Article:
Sudan’s President, Omar al-Bashir, recently traveled to two nearby African nations and faced no consequences, despite the fact that he is wanted by the International Criminal Court (ICC) for counts of genocide, war crimes, and crimes against humanity.
On May 8, 2016 Bashir traveled to Djibouti for the inauguration of President Ismail Omar Guelleh. One week later, on May 12th, Bashir was in Uganda for the inauguration of President Yoweri Museveni, who was sworn in to his fifth term in office (he has been President since 1986).
Djibouti and Uganda are both signatories to the Rome Statute (the piece of international law that created the ICC), and as such are technically obligated by international law to arrest Bashir. Despite their obligation, Bashir was welcomed with open arms. President Museveni even went one step further and took time at his inauguration to disparage the ICC, calling it a “useless body.” This statement by President Museveni caused envoys from western countries, including the U.S. to walk out in protest.
While Bashir continues to avoid justice, there is something different about his travel to Uganda and Djibouti; both of these countries have close relationships with the United States. The United States is Uganda’s largest bilateral donor; although tensions between the two states have risen in recent years due to Uganda’s anti-gay law and role in the South Sudan conflict. Meanwhile, Djibouti is home to a strategic U.S. drone base that the U.S. is paying the Djibouti government $70 million per year to rent through the year 2044.
It is extremely disheartening that with that kind of leverage, the U.S. could not influence Uganda’s or Djibouti’s decision to arrest Bashir, or at the very least not invite him to their country. This is a clear example of the limited diplomatic power the U.S. wields in the region, a testament to the power of self-interest, as well as an example of the ICC’s dwindling support from African leaders.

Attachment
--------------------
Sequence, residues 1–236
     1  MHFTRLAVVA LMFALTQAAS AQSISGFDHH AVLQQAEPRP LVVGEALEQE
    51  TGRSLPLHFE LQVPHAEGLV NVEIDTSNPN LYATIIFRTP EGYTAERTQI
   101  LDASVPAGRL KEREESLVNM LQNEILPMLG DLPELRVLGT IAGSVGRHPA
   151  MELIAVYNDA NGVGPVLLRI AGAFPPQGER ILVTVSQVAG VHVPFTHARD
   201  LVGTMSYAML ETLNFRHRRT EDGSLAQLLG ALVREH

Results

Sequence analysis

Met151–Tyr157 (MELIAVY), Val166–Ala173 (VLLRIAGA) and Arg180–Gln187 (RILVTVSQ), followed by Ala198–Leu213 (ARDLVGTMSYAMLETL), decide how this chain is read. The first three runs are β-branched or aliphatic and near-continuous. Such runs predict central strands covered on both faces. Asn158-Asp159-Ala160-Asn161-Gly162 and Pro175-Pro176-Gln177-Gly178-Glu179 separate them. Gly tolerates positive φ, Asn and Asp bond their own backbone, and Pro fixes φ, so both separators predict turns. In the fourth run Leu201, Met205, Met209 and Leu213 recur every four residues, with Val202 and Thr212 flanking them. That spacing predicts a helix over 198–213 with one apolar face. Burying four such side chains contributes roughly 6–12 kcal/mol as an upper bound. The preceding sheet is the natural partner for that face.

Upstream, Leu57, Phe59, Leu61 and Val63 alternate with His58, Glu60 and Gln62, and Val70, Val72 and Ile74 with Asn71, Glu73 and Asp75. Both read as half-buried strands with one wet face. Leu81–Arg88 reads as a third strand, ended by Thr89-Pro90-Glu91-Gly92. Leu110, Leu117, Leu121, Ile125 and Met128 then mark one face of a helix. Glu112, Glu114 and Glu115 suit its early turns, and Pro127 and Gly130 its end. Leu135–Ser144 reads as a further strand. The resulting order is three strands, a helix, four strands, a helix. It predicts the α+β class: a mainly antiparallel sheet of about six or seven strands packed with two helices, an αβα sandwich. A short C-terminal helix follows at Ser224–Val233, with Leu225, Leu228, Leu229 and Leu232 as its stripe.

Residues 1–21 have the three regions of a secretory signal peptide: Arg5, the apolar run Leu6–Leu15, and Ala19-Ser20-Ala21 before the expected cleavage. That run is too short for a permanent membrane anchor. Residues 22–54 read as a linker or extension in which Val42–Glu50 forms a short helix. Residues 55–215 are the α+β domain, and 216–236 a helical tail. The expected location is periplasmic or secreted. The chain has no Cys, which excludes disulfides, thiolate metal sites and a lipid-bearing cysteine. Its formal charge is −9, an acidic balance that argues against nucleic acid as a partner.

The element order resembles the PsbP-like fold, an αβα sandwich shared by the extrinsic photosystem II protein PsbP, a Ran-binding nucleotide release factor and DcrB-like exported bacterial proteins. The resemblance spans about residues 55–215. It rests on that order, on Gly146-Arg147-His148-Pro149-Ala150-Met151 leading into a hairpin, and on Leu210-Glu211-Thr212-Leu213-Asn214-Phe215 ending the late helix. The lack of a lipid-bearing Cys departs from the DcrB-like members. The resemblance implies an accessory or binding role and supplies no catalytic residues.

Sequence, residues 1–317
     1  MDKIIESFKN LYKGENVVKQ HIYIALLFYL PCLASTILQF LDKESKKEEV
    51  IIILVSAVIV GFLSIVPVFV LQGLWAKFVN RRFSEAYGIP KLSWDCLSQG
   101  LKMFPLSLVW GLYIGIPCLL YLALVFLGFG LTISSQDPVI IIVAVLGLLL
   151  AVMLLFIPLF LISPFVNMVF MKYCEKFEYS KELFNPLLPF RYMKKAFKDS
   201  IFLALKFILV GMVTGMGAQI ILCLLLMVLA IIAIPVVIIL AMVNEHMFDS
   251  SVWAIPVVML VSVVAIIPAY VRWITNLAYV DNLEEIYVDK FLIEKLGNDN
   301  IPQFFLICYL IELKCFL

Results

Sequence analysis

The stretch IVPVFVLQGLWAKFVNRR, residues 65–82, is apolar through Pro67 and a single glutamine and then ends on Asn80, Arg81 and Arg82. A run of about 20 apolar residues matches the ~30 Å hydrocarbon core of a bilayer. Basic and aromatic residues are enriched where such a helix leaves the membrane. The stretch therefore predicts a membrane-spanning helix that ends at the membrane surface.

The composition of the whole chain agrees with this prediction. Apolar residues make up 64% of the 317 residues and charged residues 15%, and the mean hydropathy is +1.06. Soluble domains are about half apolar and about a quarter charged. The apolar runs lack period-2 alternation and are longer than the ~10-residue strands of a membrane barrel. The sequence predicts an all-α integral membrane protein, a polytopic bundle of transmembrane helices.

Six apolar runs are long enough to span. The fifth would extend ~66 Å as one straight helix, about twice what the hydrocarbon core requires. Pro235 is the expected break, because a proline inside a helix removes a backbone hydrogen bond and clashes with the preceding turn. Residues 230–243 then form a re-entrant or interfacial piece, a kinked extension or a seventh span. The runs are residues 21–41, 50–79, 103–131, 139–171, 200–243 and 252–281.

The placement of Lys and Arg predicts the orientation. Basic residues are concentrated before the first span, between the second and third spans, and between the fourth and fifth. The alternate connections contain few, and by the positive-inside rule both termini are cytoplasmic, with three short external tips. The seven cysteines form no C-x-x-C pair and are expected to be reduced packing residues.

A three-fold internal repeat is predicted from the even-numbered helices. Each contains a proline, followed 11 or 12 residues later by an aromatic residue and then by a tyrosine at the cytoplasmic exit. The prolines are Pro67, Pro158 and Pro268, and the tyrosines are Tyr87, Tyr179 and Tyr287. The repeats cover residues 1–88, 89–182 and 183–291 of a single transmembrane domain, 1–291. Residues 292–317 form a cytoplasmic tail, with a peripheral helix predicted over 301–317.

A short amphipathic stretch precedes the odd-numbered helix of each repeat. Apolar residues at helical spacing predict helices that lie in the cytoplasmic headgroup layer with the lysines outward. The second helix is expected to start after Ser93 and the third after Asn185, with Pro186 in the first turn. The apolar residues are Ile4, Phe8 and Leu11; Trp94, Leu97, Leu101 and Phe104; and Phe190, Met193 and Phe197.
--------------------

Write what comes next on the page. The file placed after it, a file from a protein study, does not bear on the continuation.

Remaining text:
African leaders, much like U.S. leaders, do not want to find themselves or their soldiers on the receiving end of an ICC arrest warrant. This makes it very difficult to enforce ICC arrest warrants against sitting heads of state. David Bosco, an assistant professor at American University and expert on the ICC, explains the issue in saying, “African leaders have had few complaints when the court goes after rebels or militia leaders in Uganda or the Democratic Republic of Congo. It’s the pursuit of senior government officials that has provoked the tension.”
Until international law is applied universally, it will continue to be difficult to implement. When leaders like Bashir, or South Sudan’s Salva Kiir and Riek Machar who are responsible for war crimes and crimes against humanity, are able to not only avoid facing justice, but remain in power, it makes a clear statement to other leaders that they can get away with some of the most heinous violations of human rights.
The international community is in desperate need of restructuring how it views, applies, and enforces international law. This is especially true when the violators of international law are state actors and sitting heads of state. Until the United Nations and its member countries are willing to enforce the laws they create and sign-onto, genocide and mass atrocity crimes will continue to go unpunished.